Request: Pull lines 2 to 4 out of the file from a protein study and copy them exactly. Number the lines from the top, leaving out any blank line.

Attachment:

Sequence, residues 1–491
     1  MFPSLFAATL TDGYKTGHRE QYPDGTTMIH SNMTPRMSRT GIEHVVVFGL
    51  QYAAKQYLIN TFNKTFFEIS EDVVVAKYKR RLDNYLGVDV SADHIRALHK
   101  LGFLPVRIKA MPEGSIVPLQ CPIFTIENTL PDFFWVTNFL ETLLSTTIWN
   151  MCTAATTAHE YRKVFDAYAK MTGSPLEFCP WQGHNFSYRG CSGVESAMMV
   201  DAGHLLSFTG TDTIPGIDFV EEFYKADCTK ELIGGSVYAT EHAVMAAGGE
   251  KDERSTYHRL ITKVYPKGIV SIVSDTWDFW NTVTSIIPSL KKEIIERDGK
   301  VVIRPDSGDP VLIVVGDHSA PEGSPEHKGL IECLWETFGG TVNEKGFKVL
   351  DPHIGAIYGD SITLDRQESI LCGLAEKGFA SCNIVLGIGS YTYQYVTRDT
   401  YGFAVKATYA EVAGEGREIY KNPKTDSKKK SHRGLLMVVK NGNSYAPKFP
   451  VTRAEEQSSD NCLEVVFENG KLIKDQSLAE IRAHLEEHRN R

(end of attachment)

     1  MFPSLFAATL TDGYKTGHRE QYPDGTTMIH SNMTPRMSRT GIEHVVVFGL
    51  QYAAKQYLIN TFNKTFFEIS EDVVVAKYKR RLDNYLGVDV SADHIRALHK
   101  LGFLPVRIKA MPEGSIVPLQ CPIFTIENTL PDFFWVTNFL ETLLSTTIWN